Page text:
Unidirectional developments?

Geoffrey S. Nathan geoffn at SIU.EDU
Thu Mar 28 14:26:31 UTC 1996

        Further to the note from Ron Kuzar on unidirectionality,
there is a long tradition in phonology whereby all changes are
LOCAL improvements.  The exact terminology is Theo
Vennemann's (see, for example, his _Preference Laws for
Syllable Structure_ (Mouton, 1988).  It is perfectly possible to
make all changes teleological, as long as one recognizes that
there are multiple teleologies.  This has been known in
phonology since the nineteenth century, and is a cornerstone of,
for example, Natural Phonology.  Therein language strives for
'improvement' both for the speaker (loosely, 'ease of
articulation') and for the hearer (loosely, 'distinctiveness,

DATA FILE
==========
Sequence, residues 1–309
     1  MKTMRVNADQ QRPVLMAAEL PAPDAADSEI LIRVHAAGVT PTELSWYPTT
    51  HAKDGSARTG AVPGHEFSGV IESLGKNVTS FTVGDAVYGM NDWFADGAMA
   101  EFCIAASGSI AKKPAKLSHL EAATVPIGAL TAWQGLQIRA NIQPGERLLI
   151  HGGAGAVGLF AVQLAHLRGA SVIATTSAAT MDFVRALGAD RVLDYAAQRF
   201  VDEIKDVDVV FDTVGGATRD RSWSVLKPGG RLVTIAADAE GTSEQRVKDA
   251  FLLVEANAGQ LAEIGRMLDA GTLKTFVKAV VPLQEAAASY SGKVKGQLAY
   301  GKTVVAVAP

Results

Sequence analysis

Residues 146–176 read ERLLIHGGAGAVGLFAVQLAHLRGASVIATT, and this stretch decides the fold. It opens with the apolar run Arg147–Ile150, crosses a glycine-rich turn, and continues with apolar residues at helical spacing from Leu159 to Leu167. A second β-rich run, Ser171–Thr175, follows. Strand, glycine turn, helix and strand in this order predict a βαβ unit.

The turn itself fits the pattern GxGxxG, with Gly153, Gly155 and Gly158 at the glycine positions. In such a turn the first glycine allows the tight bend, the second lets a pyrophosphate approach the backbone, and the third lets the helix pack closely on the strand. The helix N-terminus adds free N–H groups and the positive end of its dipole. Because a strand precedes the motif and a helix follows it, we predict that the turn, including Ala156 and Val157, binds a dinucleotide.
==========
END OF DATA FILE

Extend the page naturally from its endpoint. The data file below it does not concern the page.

clarity').  Any change in one direction is likely to result in a
'degeneration' in another, conflicting tendency.  Thus,
functionalist phonologists have no problem with unidirectionality,
since things go in both directions at once, and the tension
between tendencies leads to a dynamic (in)stability, and hence
to change.
        Analogs in syntax (such as a development from parataxis
to true embedding, perhaps) are easy to think of superficially,
but I suspect require a much deeper theory of functional
syntactic principles that I possess.  Perhaps others are already
aware of the analogs to fortitions (speaker-oriented phonological
processes) and lenitions (hearer-oriented ones) in morphology
and syntax.
        As I write, I can think of some suggestions.  Presumably
gluing pronouns onto the ends of verbs as they become
proto-inflections is the analog of 'ease of articulation', and the
addition of emphatic pronouns in PRO-drop languages as real
person inflections get 'worn off' would be the equivalent of a
syntactic fortition.  Just a thought...


Geoffrey S. Nathan
Department of Linguistics
Southern Illinois University at Carbondale
Carbondale, IL, 62901-4517

Home phone:  (618) 549-0106  Office:  (618) 453-3421


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